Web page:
On appeal, defendants contend that plaintiff waived its right to submit the counterclaim to binding arbitration. Defendants argue that, by filing the foreclosure action on January 17, 2002, plaintiff manifested an intent to abandon its rights to arbitration. According to defendants, plaintiff further demonstrated its intent to abandon the right to arbitrate this matter by "engaging in a series of legal maneuvers in an attempt to avoid having to respond to the counterclaims." Defendants suggest that they have been prejudiced by plaintiff's delay in asserting its right to arbitration. Defendants conclude that the trial court erred by granting plaintiff's motion to stay the proceedings pending the outcome of arbitration. We disagree.
Initially, we note that, while the parties correctly agree that this matter was properly and timely appealed pursuant to Supreme Court Rule 307(a)(1), which allows an interlocutory appeal from a judgment involving an injunction, the parties disagree over the standard of review to employ in considering whether the trial court properly granted plaintiff's motion. Defendants urge that we employ a de novo review, relying on LAS, Inc. v. Mini-Tankers, USA, Inc., 342 Ill. App. 3d 997, 1001 (2003). Plaintiff, on the other hand, notes that, ordinarily, the proper standard of review for an appeal brought under Rule 307(a)(1) is whether the trial court abused its discretion. Schroeder Murchie Laya Associates, Ltd. v. 1000 West Lofts, LLC, 319 Ill. App. 3d 1089, 1092 (2001). We agree with the LAS court, however, and believe that "the proper standard of review is dictated by the nature of the question presented to the trial court." LAS, 342 Ill. App. 3d at 1001. Here, as in LAS, there were no disputed facts presented to the trial court, which was called upon to decide whether those undisputed facts established that plaintiff waived its right to arbitration as a matter of law. Because a reviewing court conducts a de novo review of a legal question (LAS, 342 Ill. App. 3d at 1001), we will review de novo the issue that defendants raise on appeal.
Our examination of the record shows that plaintiff did not waive its right to submit the matter to arbitration. To establish a waiver of the right to arbitration, a court must find that the party has acted so inconsistently with the assertion of its right to arbitrate as to demonstrate that the party has abandoned its right. Liberty Chevrolet, Inc. v. Rainey, 339 Ill. App. 3d 949, 953 (2003). Among the things to be considered are the party's conduct, the party's delay in asserting its right to arbitration, and whether such delay has prejudiced the opposing party. Liberty Chevrolet, 339 Ill. App. 3d at 953.
Applying the foregoing principles to the facts of this case, we note that, while plaintiff initiated this matter by filing its foreclosure complaint, defendants did not properly stand before the court for purposes of the allegations raised in the counterclaim until they had purchased the rights to the counterclaim from the bankruptcy trustee in 2003. When, on August 13, 2003, defendants refiled their counterclaim, it was the first time that a proper party was presenting the allegations contained in the counterclaim to the trial court. On September 19, 2003, plaintiff filed its election of arbitration and its motion for a stay pending the conclusion of arbitration. Hence, the record demonstrates that plaintiff timely exercised its right to invoke arbitration.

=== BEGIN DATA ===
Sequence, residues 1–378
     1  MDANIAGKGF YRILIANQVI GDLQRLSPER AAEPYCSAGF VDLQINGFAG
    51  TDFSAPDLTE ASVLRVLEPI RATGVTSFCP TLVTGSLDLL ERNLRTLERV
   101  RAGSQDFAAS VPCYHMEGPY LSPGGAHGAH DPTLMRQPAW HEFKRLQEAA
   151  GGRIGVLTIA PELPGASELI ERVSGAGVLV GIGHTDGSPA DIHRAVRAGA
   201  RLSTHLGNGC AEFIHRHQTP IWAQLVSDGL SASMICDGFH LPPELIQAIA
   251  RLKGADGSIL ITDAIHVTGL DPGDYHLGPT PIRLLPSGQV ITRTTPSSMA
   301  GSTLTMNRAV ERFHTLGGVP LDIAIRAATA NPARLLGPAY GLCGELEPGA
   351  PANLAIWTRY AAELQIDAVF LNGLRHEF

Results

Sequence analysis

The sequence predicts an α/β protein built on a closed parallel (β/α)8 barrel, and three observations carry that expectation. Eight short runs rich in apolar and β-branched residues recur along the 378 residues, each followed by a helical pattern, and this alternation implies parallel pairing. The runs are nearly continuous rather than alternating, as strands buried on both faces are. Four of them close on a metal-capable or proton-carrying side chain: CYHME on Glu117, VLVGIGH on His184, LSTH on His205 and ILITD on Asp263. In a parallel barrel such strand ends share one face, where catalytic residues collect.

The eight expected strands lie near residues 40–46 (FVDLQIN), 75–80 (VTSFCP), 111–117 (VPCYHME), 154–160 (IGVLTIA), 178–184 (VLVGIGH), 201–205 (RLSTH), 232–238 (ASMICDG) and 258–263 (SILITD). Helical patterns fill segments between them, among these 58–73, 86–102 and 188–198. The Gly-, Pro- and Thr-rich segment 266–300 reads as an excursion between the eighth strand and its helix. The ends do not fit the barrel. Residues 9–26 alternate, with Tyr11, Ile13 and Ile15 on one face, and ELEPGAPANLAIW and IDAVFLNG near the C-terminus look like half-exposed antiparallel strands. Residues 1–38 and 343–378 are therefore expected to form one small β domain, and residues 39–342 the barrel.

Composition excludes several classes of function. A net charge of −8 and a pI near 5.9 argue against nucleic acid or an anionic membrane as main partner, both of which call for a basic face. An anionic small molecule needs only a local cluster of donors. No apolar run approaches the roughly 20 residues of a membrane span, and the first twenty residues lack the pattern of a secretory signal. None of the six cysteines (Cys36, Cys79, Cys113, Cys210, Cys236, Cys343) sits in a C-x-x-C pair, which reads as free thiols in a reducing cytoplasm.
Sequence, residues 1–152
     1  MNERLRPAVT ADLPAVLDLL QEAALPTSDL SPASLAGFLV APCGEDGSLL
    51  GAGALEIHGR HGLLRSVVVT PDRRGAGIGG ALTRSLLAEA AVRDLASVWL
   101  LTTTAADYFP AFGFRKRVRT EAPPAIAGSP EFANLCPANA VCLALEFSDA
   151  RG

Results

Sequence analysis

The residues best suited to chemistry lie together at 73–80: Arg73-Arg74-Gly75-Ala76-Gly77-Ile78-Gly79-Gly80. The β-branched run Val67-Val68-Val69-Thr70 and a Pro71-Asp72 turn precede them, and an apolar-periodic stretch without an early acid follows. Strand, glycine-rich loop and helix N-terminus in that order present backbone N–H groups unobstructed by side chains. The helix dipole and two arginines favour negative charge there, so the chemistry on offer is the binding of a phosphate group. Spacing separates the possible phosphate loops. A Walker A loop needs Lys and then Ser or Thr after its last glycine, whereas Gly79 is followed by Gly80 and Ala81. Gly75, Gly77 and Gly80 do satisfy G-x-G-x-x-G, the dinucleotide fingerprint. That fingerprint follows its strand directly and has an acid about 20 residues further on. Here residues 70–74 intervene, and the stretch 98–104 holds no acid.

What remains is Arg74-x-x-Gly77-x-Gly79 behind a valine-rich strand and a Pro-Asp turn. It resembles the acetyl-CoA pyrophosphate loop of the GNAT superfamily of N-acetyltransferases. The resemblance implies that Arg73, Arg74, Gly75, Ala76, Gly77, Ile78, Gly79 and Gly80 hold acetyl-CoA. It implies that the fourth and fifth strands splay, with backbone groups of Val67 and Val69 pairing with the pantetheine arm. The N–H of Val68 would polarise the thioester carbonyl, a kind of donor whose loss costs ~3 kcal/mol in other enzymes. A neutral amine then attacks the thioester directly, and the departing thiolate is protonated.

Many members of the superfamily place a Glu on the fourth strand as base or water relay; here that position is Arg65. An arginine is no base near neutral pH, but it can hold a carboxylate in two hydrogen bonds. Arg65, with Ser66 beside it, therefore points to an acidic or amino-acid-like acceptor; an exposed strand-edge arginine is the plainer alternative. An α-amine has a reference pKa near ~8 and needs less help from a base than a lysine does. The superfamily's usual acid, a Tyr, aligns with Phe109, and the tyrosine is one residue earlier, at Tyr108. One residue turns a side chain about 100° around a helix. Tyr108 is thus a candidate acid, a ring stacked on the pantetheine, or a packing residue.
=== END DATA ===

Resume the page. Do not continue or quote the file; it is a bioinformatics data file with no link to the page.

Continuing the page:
As to plaintiff's conduct, defendants urge that the mere act of filing a complaint in foreclosure results in the waiver of the plaintiff's right to arbitration. We disagree. "There is simply no bright-line rule that, merely by filing a complaint, a plaintiff waives the right to demand the arbitration of the issues raised by the complaint." Liberty Chevrolet, 339 Ill. App. 3d at 954. Moreover, the arbitration rider agreed upon by the parties specifically provides that the "use of the courts shall not constitute a waiver of the right of any party, including the plaintiff, to submit any [c]laim to arbitration nor render inapplicable the compulsory arbitration provisions" contained in the rider. Further, defendants' counterclaim raised a number of issues significantly far afield from the issues raised in plaintiff's foreclosure complaint. In addition, the counterclaim is itself a complaint, the filing of which enabled plaintiff to assert its right to arbitration. See Liberty Chevrolet, 339 Ill. App. 3d at 953.
Last, we note that defendants claim to be prejudiced by the passage of time from plaintiff's initial filing of its foreclosure complaint. We do not believe that to be a proper point from which to measure the time period. Rather, August 13, 2003, is the date from which defendants would have to claim prejudice, that being the first date that a proper party presented the allegations of the counterclaim to the trial court. Because plaintiff filed its election to assert its right to arbitration a month later on September 19, 2003, we find that plaintiff did not delay in asserting its right to arbitration. Hence, defendants have insufficiently demonstrated the existence of any prejudice arising from plaintiff's delay in asserting its right to arbitration. We hold, therefore, that plaintiff did not waive its arbitration rights and that the trial court properly granted plaintiff's motion to stay the proceedings.